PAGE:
The Melrose Building was the first modern office tower in Houston. While in the late 1940s and early 1950s there were other large office buildings under construction, such as the Hermann Professional Building by Kenneth Franzheim and the City National Bank Building by Alfred Finn, no other building received the same degree of coverage in the local press. It was not much of an exaggeration to say this building served as most Houstonians' introduction to modern architecture. Its prominent location was also important. At the time it stood out for visitors entering downtown from the south east via the brand new Gulf Freeway, Houston's first modern freeway, completed the same year as the Melrose Building.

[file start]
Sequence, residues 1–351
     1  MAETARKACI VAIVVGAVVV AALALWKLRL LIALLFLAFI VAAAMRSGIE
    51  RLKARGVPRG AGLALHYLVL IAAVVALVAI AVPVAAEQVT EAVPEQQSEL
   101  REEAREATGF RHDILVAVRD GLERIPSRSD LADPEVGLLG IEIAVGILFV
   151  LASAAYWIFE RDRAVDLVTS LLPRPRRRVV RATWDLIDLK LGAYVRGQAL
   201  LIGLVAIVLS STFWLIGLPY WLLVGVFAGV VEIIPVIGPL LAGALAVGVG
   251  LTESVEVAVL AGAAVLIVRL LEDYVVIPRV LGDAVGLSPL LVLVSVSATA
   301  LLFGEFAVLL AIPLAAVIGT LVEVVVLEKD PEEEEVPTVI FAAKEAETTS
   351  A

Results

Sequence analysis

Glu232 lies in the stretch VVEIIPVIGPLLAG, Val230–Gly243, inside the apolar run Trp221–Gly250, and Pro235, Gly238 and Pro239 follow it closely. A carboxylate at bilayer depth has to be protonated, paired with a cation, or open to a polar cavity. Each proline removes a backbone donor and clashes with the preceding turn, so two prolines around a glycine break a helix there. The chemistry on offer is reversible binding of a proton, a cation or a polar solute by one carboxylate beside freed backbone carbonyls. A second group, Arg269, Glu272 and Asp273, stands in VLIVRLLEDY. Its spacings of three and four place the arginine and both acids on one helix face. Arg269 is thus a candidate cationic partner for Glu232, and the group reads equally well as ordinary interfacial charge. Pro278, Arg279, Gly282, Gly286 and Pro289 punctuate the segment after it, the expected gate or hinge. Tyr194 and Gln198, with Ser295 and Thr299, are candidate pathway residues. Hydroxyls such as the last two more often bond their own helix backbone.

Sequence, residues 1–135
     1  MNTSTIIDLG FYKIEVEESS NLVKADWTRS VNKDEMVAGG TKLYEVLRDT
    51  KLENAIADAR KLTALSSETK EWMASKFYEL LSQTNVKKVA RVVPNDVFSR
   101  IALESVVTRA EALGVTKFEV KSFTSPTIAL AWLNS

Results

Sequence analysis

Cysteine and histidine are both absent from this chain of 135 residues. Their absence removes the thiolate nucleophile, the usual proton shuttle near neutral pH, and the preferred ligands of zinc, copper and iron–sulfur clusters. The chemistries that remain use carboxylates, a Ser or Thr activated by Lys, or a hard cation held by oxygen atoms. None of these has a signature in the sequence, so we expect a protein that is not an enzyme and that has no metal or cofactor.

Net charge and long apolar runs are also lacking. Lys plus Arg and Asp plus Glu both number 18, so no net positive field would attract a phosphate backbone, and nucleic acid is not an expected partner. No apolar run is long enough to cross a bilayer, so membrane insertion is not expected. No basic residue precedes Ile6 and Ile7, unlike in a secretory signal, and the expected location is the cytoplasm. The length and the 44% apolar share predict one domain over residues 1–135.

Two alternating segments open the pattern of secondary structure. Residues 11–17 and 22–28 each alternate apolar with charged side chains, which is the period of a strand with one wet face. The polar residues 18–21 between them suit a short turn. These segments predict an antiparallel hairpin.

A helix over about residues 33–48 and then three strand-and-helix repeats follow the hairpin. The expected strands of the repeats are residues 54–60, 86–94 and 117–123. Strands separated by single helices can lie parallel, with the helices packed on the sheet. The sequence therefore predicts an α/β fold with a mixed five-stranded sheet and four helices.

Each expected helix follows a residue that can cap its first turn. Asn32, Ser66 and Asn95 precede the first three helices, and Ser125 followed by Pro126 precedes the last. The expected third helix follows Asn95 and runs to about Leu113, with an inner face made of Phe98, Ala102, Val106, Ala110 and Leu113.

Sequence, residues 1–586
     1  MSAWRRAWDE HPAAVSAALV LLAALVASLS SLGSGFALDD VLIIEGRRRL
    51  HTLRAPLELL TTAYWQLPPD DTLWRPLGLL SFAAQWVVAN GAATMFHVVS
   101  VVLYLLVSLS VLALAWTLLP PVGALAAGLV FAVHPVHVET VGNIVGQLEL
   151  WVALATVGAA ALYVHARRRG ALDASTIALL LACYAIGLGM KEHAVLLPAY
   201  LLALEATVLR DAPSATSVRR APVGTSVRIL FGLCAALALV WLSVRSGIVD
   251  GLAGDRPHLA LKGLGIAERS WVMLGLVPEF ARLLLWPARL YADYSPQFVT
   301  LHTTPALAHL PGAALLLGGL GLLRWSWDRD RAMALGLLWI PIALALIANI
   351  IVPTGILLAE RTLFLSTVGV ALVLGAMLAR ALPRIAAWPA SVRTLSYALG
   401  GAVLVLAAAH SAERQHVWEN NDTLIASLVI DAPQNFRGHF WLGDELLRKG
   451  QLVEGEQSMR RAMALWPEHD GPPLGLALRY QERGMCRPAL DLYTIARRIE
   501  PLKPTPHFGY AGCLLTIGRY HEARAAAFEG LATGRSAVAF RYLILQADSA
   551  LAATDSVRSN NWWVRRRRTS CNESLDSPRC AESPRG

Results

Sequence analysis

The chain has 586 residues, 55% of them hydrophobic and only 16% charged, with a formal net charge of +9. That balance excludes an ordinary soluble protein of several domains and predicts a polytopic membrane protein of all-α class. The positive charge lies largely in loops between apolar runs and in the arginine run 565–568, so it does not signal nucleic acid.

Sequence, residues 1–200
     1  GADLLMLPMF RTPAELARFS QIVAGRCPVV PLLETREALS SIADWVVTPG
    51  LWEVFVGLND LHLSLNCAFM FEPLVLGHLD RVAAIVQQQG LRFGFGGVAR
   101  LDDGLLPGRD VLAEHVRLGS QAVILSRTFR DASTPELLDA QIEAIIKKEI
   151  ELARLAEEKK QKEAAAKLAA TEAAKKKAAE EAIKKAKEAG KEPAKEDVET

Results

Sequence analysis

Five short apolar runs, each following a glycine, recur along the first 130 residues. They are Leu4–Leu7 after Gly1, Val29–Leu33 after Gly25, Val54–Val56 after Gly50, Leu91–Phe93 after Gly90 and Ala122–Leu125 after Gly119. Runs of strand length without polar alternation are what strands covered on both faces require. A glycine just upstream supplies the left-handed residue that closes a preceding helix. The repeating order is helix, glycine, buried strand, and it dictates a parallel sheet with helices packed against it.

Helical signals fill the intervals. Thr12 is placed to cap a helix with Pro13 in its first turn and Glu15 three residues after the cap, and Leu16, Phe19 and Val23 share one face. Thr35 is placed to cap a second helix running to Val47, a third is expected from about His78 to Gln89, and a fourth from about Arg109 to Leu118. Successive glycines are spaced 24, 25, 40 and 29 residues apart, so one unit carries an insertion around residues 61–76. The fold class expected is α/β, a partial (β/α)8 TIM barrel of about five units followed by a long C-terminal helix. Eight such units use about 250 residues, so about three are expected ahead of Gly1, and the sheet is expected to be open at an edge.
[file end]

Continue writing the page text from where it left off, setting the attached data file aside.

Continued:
Its architectural design was quite advanced. Hermon Lloyd gave the building its distinctive horizontal and vertical brise-soleils based on his impressions of South American practices. (He later used the Ministry of Education Building of 1943 in Rio de Janeiro by Lucio Costa and Oscar Niemeyer as an inspiration for the distinctive south façade of the Americana Building designed in 1954 but not built until 1961.)
Technologically the building was distinguished for its use of the "Carrier Conduit Weathermaster Air-Conditioning System" which allowed each office to be separately heated or cooled according the occupants' desire. The architects also used Haydite, a type of lightweight concrete made with an aggregate of expanded clay and shale that was designed for use in humid climates to prevent the accumulation of moisture on its surfaces.
The Melrose Building is currently vacant. The only major exterior change was made in 1969 when the original turquoise glazed ceramic tiles in the window spandrels were covered by bronze colored anodized aluminum panels and the windows were tinted to match.
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